Collaborative Research on Maya Ceramic Vessels at LACMA


This paper features the Maya Vase Research Project, a collaboration of LACMA’s Conservation Center and the Art and the Ancient Americas Program, which is studying Classic-period Maya ceramics in the LACMA collection. The project’s first phase was to perform digital technical imaging, comprised of photography in different regions of the electromagnetic spectrum, starting in the visible and expanding from X-rays to the Infrared, including ultraviolet visible induced fluorescence. Digital rollout photography also was done in the visible and infrared ranges, which in combination yield false-color infrared images. The research team examined the objects and technical images to determine avenues for further analysis, particularly concerning hand-building and decorative techniques. For example, conservation scientists use multiple analytical tools (e.g. XRF, FTIR, SEM, and cross-section) to examine pigments and stucco. Our research combines such study of materials and techniques with art historical, epigraphic, and archaeological analysis, considering, for instance, artists’ choices of materials and manufacturing techniques in relation to the objects and images they created. We also explore how this evidence may shed light on artistic process and collaboration, relations with other media such as mural painting, and artistic innovation and exchange between the Maya region and Teotihuacan.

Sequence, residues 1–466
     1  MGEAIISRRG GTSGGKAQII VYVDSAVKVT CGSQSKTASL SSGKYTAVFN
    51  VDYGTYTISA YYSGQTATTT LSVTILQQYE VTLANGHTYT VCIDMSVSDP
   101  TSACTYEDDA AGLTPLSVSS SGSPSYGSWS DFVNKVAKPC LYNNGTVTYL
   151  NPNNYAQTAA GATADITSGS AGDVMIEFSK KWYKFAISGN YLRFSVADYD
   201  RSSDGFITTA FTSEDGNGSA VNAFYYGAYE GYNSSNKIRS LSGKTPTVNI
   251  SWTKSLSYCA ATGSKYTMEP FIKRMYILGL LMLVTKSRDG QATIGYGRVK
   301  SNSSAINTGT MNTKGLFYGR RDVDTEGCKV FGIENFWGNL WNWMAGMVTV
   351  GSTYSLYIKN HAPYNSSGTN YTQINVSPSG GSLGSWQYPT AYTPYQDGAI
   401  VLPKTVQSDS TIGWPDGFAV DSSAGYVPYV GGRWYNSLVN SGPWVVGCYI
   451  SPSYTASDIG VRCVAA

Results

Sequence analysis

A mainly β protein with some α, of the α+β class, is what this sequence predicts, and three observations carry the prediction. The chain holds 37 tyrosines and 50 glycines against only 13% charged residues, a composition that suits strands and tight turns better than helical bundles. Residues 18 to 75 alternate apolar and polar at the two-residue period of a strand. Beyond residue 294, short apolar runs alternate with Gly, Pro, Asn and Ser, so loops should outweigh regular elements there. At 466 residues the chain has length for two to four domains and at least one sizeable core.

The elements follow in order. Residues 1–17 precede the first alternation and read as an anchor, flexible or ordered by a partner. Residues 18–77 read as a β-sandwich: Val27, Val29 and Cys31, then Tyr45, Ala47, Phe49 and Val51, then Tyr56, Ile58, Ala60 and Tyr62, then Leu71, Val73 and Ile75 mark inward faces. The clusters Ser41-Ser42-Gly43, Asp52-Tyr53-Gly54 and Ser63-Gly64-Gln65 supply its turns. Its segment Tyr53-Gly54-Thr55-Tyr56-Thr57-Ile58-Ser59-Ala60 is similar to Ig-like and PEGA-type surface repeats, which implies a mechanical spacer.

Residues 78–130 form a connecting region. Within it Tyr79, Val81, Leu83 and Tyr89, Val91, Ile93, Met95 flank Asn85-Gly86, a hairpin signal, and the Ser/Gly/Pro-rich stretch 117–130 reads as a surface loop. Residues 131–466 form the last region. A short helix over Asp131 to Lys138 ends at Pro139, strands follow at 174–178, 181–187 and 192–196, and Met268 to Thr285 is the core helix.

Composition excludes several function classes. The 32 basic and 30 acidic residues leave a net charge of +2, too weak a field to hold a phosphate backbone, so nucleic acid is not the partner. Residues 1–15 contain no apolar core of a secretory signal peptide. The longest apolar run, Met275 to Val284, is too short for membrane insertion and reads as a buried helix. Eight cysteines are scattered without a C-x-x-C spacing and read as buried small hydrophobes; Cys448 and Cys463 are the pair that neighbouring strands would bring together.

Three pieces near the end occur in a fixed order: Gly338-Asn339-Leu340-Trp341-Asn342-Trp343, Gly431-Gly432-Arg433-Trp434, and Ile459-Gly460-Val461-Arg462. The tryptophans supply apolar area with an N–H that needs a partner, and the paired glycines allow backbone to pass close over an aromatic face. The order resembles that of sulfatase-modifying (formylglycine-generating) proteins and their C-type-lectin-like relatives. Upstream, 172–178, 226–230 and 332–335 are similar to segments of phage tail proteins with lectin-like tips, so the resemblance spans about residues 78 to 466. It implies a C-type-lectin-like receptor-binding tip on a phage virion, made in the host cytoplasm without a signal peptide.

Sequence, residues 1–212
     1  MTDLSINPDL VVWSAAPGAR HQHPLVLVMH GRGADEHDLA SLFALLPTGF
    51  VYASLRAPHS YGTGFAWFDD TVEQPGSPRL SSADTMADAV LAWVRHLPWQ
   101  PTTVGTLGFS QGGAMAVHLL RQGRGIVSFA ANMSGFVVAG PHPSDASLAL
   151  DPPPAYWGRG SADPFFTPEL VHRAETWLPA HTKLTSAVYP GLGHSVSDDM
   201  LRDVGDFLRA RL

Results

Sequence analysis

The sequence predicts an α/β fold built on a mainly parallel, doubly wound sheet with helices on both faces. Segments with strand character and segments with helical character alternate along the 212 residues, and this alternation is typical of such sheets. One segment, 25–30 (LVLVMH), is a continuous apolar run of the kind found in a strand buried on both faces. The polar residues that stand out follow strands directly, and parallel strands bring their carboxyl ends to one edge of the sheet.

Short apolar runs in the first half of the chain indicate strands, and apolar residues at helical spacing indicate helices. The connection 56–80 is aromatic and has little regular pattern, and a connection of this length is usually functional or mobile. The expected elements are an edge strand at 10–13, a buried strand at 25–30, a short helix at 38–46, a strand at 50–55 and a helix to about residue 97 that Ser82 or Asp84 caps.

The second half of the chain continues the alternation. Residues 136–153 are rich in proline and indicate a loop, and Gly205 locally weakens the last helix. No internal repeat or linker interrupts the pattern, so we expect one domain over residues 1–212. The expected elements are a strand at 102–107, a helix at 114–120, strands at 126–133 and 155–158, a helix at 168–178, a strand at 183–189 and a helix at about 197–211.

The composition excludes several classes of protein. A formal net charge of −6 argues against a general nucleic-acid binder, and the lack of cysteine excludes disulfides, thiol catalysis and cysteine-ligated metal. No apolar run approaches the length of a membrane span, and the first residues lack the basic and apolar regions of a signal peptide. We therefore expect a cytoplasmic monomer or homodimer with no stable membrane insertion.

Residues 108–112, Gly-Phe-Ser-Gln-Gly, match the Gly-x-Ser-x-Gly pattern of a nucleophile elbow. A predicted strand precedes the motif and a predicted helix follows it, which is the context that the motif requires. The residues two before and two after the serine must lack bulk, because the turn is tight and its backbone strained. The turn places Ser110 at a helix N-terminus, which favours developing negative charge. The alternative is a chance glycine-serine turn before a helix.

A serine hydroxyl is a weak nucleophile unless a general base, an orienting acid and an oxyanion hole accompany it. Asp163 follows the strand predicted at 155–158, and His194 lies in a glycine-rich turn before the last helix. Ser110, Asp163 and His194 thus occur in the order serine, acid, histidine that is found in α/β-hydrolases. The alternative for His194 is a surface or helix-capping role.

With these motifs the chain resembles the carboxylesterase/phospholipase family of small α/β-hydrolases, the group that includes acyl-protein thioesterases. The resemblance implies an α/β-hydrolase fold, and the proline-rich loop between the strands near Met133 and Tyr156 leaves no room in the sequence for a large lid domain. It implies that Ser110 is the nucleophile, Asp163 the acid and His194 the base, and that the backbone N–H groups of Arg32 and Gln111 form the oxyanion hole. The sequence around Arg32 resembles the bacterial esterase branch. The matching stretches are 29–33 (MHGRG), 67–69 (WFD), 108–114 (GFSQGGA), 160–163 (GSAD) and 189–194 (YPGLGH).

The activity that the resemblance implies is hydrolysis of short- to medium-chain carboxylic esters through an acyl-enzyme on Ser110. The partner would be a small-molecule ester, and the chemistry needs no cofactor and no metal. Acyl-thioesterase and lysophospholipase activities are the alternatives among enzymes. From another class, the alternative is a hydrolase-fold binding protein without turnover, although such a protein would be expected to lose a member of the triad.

Cite this Record

Collaborative Research on Maya Ceramic Vessels at LACMA. Megan ONeil, Charlotte Eng, John Hirx, Diana Magaloni, Yosi Pozeilov. Presented at The 81st Annual Meeting of the Society for American Archaeology, Vancouver, British Columbia. 2017 ( tDAR id: 431428)


Geographic Keywords
Central America

Spatial Coverage

min long: -94.702; min lat: 6.665 ; max long: -76.685; max lat: 18.813 ;

Record Identifiers

Abstract Id(s): 17580